• Over-extraction, pollution, and habitat deterioration pose severe difficulties to the Indus River System.
  • Rapid population increase, industrialization, and poor waste management techniques all contribute to the contamination of these essential water sources.
  • Balancing economic growth goals with environmental conservation is still a major challenge.

Conflict and International Cooperation on the Indus River System

  • Several tributaries of the Indus River flow through multiple countries, resulting in complex water-sharing arrangements and sometimes disputes.
  • The World Bank-mediated Indus Waters Treaty of 1960 defines the distribution of river waters between India and Pakistan.
  • The achievement of the pact in preserving relative stability in water-sharing illustrates the importance of international cooperation in managing shared resources.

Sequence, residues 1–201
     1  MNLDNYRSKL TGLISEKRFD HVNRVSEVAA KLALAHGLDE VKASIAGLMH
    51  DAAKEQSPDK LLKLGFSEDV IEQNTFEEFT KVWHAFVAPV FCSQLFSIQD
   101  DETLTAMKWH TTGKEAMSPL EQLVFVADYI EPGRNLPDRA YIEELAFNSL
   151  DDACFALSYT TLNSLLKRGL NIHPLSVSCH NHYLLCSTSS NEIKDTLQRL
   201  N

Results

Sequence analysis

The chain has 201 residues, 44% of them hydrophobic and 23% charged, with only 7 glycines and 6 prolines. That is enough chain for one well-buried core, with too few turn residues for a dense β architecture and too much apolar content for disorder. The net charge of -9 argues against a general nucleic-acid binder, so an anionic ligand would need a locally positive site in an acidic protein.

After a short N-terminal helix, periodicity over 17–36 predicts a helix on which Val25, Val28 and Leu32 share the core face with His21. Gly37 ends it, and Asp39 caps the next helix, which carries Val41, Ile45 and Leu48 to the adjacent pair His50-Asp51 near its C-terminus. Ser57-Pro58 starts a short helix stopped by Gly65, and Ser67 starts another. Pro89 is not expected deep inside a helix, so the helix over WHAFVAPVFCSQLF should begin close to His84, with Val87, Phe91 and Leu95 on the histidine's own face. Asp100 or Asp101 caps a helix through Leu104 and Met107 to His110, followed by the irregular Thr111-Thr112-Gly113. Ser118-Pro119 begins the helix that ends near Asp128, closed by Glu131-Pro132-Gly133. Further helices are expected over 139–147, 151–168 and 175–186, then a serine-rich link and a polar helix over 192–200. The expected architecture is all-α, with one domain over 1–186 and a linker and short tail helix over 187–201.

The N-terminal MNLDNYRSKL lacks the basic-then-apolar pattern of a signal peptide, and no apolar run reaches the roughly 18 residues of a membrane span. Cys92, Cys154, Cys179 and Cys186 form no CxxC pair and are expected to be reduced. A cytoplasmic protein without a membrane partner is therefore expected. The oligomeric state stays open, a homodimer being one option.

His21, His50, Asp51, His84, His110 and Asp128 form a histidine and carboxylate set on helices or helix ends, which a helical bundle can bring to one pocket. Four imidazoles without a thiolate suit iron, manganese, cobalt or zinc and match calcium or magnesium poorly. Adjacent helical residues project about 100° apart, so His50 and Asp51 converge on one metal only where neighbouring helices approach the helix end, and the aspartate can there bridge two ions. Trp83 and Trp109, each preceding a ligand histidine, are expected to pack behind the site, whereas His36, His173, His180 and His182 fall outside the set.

The Impact of Climate Change on the Indus River System

  • Climate change threatens the Indus River System by influencing water supply, glacial melt, and monsoon patterns.
  • Changes in precipitation patterns and retreating glaciers in the Himalayas could upset the delicate balance of water supply, providing problems for water resource management and agricultural sustainability.
  • The Indus River System, which spans millennia and civilizations, is a tribute to the complex interaction that humans have with their environment.
  • It has seen civilizations rise and fall, economies evolve, and the problems of industrialization.
  • As nations deal with development and conservation imperatives, the Indus River System stands as a symbol of resilience, adaptation, and the interconnectivity of all species along its banks.


Dry weather conditions in Kashmir valley have wide-ranging impacts on Socio-Economic life in the valley. Substantiate